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Seagate Laptop Ultrathin HDD Review: 500 GB In 5 mm Of Space

When you look at it from the side, Seagate's Laptop Ultrathin HDD is almost easy to miss. Measuring just 5 mm tall, it’s one of the thinnest hard drives in existence. We got our hands on the 500 GB model to see if it can keep up with larger disks.

Seagate Laptop Ultrathin HDD Review: 500 GB In 5 mm Of Space : Read more
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  1. makes ya wonder how small this format can go. impressive.
  2. For the hard drive being benchmarked, is it possible for tomshardware to color the text to make them easier to find in the list?

    for example http://i.imgur.com/VXwTs6y.jpg

    it only takes about 3 seconds to do (even faster if you are in the process of making the chart and not changing colors in post)
  3. Quote:
    Its main selling point is the fact that it's only 5 mm thick, instead of the 9.5"

    Think you meant 9.5mm there.

    At least it's not got proprietary connectors like the WD 5mm ones do. Think you need to add one of those to the benchmarks though - it's Seagate's biggest competition.
  4. This would be a good choice for a mITX build when you want budget storage to complement a SSD.
  5. Not really; it'll cost significantly more per GB than a 9.5mm drive, but all the bays are fine with the thicker drives.
  6. Someone Somewhere said:
    Not really; it'll cost significantly more per GB than a 9.5mm drive, but all the bays are fine with the thicker drives.


    Regular thickness drives are $60-80 and this one is mentioned to be under $100 with no price given for the consumer market. I wouldn't mind paying a small premium for a drive that utilizes 53% of the area of a 9.5mm drive.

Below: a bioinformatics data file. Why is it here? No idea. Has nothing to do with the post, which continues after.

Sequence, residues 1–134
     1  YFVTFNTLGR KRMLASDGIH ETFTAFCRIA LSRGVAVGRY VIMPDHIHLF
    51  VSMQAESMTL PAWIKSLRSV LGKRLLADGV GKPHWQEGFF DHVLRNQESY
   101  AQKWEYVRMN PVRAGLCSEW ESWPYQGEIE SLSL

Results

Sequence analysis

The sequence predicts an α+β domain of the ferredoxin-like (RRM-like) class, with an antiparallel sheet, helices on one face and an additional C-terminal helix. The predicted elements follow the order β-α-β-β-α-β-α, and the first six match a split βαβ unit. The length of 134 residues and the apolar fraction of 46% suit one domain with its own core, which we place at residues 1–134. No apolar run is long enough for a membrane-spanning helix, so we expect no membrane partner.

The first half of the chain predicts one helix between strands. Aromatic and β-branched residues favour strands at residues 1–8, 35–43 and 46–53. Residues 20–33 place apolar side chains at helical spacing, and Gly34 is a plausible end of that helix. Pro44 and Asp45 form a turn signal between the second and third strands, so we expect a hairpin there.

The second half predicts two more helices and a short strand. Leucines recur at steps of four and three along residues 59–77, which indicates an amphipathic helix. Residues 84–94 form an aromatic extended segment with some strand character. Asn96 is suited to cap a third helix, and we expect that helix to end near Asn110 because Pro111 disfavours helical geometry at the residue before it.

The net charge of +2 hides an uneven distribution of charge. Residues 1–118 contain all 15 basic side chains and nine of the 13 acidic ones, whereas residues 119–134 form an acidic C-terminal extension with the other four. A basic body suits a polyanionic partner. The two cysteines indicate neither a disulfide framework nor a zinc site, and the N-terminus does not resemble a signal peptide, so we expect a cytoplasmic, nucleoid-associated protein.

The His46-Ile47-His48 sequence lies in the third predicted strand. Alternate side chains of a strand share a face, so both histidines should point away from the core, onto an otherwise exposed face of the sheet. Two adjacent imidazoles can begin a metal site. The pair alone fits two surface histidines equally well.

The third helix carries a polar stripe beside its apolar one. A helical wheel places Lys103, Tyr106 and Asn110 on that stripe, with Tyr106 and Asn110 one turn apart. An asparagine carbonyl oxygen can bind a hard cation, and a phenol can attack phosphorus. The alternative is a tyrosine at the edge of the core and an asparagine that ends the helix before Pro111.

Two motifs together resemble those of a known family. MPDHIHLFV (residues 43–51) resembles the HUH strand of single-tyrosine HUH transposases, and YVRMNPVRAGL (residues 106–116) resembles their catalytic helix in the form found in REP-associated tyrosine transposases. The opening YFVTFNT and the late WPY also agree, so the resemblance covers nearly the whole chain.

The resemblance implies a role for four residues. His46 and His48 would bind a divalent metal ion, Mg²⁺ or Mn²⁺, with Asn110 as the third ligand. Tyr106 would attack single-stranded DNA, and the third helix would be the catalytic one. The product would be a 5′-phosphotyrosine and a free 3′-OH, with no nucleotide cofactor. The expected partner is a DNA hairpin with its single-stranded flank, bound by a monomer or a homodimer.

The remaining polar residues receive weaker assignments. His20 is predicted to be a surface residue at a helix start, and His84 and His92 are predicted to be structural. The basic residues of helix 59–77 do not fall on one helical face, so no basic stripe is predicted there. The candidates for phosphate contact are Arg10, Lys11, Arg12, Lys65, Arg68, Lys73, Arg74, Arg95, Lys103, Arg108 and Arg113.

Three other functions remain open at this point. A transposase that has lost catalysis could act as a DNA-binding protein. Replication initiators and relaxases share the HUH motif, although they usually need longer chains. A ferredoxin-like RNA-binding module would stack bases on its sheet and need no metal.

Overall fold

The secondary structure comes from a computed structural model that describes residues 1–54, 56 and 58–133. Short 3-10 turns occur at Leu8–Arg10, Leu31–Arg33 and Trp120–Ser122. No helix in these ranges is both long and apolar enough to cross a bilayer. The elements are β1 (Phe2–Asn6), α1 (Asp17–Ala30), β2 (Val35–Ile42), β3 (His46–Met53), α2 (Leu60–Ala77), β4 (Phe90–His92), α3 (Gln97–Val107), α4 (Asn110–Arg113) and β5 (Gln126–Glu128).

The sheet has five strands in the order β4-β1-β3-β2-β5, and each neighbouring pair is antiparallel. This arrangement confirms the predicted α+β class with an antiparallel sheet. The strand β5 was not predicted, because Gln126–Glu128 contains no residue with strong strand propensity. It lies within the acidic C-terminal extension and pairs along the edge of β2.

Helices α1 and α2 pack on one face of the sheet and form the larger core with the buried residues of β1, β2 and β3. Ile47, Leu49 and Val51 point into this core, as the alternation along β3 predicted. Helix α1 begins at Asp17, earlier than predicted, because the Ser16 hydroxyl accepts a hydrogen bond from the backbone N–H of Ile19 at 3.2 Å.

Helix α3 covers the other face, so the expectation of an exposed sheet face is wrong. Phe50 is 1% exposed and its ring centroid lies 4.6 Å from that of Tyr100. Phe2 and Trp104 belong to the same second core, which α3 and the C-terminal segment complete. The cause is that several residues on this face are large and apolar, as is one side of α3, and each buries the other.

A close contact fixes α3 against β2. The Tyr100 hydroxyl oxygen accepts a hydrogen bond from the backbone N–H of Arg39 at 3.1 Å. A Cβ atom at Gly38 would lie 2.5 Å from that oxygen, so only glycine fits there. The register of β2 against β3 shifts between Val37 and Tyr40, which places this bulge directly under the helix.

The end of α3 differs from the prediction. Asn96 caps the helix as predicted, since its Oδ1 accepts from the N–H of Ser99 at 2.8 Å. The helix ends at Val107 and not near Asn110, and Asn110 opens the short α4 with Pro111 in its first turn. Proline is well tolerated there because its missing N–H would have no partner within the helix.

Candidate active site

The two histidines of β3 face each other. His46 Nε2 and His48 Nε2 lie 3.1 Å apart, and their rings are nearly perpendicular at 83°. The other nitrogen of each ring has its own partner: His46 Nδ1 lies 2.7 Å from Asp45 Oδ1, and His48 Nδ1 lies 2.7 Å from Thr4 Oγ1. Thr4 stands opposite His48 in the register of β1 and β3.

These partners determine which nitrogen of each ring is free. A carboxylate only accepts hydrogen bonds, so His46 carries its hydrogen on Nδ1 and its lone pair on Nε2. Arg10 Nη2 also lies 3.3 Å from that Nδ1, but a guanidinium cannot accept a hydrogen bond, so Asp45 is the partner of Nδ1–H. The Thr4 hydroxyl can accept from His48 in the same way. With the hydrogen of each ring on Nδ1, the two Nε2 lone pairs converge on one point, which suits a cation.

7. The thing is there's nothing you can do with the extra space; it's a couple of millimeters in the middle of an HDD cage
  8. No point in 5 mm HDD, any laptop can install regular 9 mm HDD
    More expensive, more slower
  9. Please Tom's, get rid of the new format for pictures having the caption as an alpha-blended banner overlapping the bottom of the picture. This article's second picture, which attempts to illustrate the thinness of the new drive, is ruined by the new captioning method. Use some intelligence and put the caption UNDER the picture. This is the way that has worked for decades in both print and online. Why change something that works for a system that fails?
  10. XngXtuHl said:
    No point in 5 mm HDD, any laptop can install regular 9 mm HDD
    More expensive, more slower


    Nope, ultrabooks often have 7mm slots or none, and soon I'd expect that to be 5mm.
  11. XngXtuHl, this HD is really about fitting in the 'ultra-book' form factor.
  12. Someone Somewhere said:
    The thing is there's nothing you can do with the extra space; it's a couple of millimeters in the middle of an HDD cage


    Who said anything about a HDD cage?
  13. There is one interesting use that I can think of. A new laptop, in place of the DVD drive, you can have 2 slots for ultra thin hard drives in addition to a standard SSD.

    Allowing for a lot of extra storage, or RAID 1 bulk storage since it is common place for laptops to use SSD's now but it is also well known that you should always backup your important data and keep bulk data off of the SSD. (SSD= OS and applications only)
  14. @someone somewhere

    Remember the old wash tub disk drive disk packs? Even they were only like 6" tall tho'. :)